Investigative Audit Finds Numerous Problems with Operations at Angola
An investigative audit of operations at Louisiana State Penitentiary at Angola found several potential violations of state law, the state Constitution, and Department of Public Safety and Corrections’ policies, the Legislative Auditor said in a report released today.
Auditors found that three employees performed work on former Warden Burl Cain’s personal residence in Baton Rouge without taking leave, which is a violation of department policies and state law. In addition, Angola’s Prison Enterprises facility was used to refurbish the iron gates from the driveway to Cain’s personal residence, but no records of a work order or of any payment were found.
An examination of the prison’s records did show, however, that $27,520 in public money was spent between January 2009 and August 2015 on appliances and furnishings for the Warden’s house at the prison. Although Department of Corrections’ policy allows certain Angola employees to live on the prison grounds, there is no provision that the state pay for appliances or furnishings for the houses.
Auditors also found that an estimated $17,474 in lodging and meals were provided free of charge to some of Cain’s immediate and extended family members who stayed overnight at Angola. Because no apparent public purpose for the stays was found, the lodging and meals could be considered a donation of public funds and therefore a violation of the state Constitution and state law. Among those who stayed over at the prison were former Warden Cain’s sons, Nathan Cain and Marshall Cain; his daughter, Amanda Cain Smith; his brother, Alton Cain; and his cousin, Mary Cain.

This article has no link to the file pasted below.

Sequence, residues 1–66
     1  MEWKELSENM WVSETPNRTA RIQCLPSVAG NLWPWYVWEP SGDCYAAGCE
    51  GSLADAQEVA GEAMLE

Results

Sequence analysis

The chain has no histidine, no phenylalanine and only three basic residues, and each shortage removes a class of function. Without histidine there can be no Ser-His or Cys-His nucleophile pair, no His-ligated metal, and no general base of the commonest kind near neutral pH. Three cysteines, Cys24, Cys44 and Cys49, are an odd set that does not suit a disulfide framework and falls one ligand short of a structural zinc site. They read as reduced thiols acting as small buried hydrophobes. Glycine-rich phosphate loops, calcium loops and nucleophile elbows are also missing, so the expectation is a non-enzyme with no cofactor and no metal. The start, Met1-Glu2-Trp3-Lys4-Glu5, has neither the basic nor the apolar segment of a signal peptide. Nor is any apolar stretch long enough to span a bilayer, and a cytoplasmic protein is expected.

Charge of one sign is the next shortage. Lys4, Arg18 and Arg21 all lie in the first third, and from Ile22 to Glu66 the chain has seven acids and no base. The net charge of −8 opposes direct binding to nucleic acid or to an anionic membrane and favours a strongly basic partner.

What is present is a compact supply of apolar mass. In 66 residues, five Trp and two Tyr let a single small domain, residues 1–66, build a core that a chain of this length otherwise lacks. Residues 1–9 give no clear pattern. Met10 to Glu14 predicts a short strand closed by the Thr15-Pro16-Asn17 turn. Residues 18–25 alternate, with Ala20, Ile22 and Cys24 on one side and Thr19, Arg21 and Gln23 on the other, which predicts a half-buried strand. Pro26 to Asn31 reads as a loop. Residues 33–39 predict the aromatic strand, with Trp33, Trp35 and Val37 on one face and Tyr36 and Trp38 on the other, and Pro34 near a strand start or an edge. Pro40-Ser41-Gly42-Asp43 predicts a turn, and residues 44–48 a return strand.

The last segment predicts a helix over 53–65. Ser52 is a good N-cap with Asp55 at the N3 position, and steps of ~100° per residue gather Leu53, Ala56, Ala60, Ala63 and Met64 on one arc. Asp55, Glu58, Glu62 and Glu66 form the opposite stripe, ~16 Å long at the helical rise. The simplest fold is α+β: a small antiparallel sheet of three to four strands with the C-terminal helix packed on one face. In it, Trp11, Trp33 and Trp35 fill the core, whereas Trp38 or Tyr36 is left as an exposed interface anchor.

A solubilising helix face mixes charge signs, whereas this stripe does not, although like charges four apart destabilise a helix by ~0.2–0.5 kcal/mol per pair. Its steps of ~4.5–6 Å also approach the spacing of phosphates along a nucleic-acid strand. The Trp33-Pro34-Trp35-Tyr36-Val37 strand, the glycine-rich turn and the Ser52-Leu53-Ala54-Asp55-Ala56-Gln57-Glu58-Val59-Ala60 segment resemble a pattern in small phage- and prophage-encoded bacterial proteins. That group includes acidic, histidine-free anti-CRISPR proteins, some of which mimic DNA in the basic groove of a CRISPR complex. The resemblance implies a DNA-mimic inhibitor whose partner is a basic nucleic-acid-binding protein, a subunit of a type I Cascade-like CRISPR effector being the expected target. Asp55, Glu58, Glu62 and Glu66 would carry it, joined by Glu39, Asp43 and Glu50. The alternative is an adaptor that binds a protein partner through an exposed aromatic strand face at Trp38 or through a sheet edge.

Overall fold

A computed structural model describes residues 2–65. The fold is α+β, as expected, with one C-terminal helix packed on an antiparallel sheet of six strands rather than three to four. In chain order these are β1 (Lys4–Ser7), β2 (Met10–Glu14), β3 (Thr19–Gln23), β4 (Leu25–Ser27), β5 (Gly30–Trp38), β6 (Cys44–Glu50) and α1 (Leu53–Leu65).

In addition, auditors said that nearly $6.3 million in money generated by the Angola Prison Rodeo between January 2014 and December 2015 was not deposited with the State Treasury or included in the Department of Corrections’ budget, which is required by the state Constitution and state law. Auditors also found that the Angola Prison Rodeo Committee improperly donated $67,620 to the Louisiana State Penitentiary Museum Foundation to buy a bus. The bus was used jointly by the Museum Foundation and the prison for tours. However, because there was no agreement between the two entities to show that the prison received a benefit or value equivalent to the donated funds, the transaction could be considered a donation of public funds, which would violate provisions in the state Constitution.
Auditors also looked at the Angola Employee Recreation Committee and found that it was using the prison’s facilities without paying any fees or having a written contract in place, which may be a violation of the state Constitution. Auditors found as well that the former secretary/treasurer of the Committee made cash withdrawals and used the organization’s debit card to make personal purchases and additional cash withdrawals totaling $101,044 between April 2009 and May 2016.
In addition, between April 2010 and October 2015, $27,918 in rodeo concession sales revenue was never deposited into the Committee’s credit union account.
The audit showed, too, that the prison’s assistant fire chief used the Angola Hook and Ladder Club debit card to make $4,217 in purchases between May 2013 and May 2016, of which $2,188 were for his personal use.
For more information contact: